What would've been cool is to transform the block into some sort of urban park...reconfigure parts of the structure to allow for park offices and classrooms, leave the frogs and dome intact, and demolish parking for green space.

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  2. Died, indeed.

    Atlanta, that "4-millioned madhouse" of a city, has become rather notorious for being too busy to be bothered with its history...especially architecture-wise.

    RIO MALL should not have been torn down...plain and simple. Of course, at the time (the big boom before the bust) early 2000s, the land was considered too potentially lucrative to sit idle...or -at least- sitting not making as much money as was desired.

    So...a unique and interesting little pop art mall bites the dust and is replaced with the most UNINTERESTING strip center imaginable...and some more apartments (as if there weren't already enough).

    Way to go Atlanta.....

    Thanks for posting, HAPPY HOLIDAYS

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  3. The pics I've seen of the gold frogs are amazing. Hopefully I can find one of the video wall. Bottom line: no matter how many awards Rio won, or how pop culture kitsch it was viewed as, it was deemed a failure because it wasn't making money. That's the American way! Capitalism over creative expression of art. Now if the art's making $$$, that's another story entirely.

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  4. I agree. Atlanta is a worst-case example of unecessary obsolescence...as the destruction of this mall proves...

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  5. The place was too small and the line-up too lacking in uniqueness to make it as a mall. The location was disconnected from anything else, including the Bedford-Pine apartments. Perhaps it could have been turned into something else, but Atlanta is a place of little imagination for such things. It was dead when I moved there and the Publix was much welcomed by people in the area.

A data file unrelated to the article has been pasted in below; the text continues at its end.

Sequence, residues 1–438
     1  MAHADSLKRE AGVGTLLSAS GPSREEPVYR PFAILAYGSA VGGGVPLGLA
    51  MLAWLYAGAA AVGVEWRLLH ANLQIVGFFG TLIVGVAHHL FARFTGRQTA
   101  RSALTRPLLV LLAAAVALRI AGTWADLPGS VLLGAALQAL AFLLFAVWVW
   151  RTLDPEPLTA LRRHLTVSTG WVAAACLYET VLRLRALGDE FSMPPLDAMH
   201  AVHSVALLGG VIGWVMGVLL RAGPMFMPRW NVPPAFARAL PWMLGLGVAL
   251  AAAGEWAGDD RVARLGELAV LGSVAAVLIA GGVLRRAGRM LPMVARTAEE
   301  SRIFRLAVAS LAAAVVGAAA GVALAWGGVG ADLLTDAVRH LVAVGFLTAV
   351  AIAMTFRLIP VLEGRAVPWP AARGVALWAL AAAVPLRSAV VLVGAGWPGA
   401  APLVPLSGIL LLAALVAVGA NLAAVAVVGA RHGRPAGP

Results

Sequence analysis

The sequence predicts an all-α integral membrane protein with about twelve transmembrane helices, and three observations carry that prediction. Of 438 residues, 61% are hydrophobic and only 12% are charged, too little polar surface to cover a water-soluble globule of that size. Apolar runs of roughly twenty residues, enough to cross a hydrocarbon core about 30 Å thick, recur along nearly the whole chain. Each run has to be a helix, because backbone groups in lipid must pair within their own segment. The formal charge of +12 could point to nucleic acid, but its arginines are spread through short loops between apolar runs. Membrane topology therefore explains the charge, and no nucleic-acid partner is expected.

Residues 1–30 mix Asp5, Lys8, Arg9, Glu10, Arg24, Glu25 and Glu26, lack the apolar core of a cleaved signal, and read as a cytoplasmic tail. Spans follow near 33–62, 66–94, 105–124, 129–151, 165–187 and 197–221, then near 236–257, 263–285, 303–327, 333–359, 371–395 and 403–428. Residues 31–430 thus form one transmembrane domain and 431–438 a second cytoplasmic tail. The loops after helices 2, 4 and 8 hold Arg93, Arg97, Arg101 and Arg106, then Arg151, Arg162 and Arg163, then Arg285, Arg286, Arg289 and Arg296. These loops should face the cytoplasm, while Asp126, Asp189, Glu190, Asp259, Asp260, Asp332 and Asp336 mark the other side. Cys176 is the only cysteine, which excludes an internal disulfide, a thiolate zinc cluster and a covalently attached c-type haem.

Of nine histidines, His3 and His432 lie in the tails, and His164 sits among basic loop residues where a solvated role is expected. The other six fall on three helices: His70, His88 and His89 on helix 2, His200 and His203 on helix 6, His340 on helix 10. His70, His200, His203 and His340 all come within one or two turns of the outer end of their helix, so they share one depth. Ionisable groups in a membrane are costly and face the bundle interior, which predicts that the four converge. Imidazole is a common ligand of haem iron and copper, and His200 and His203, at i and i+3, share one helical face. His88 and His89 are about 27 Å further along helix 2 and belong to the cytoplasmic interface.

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  6. How true. Thanks much for posting.

    Cheers

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  7. There was a guy named Joe (from Connecticut?) who worked at Moovie around 1997. Man, I had a crush on him.... does anyone know where he is?

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  8. I remeber the Army Recruiting station located on Where the front of and Cashier area of Publix is now today. Also I remeber going there getting ready to process into the Army lokking around all the different things Like the hat shop and Even Chris tucker comedy club which was on the second floor on what's now on the Walgreens side. I came back yrs later to work security there in 2005.

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  9. Ricco,

    Due to a Blogger malfunction, I find that you published this comment a week or so ago.

    Anyway, here it is...better late than ever, I guess.

    Cheers

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  10. There was also a Coconuts records/music store there around 1989-1990( their prices was much more than our local Turtles music store)So, it's no wonder it did not last.

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  11. Anon,

    Thanks for perusing and posting on the site. Hope you're having a great weekend.

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  12. I remember this place when I was in Pharmacy school in the late 80's. We ate at the "Lettuce surprise you" all the time. Had some good times there back in the day. Was sorry to see it demolished:(

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  13. I regret that I never once walked into this place....I remember driving by it.

    I didn't think it would have such a short "shelf life"...

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  14. Anyone know where one might get one of the frogs?

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  15. I don't know...but I'd like to have one of them...

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  16. I don't know...but I'd love to have one of them....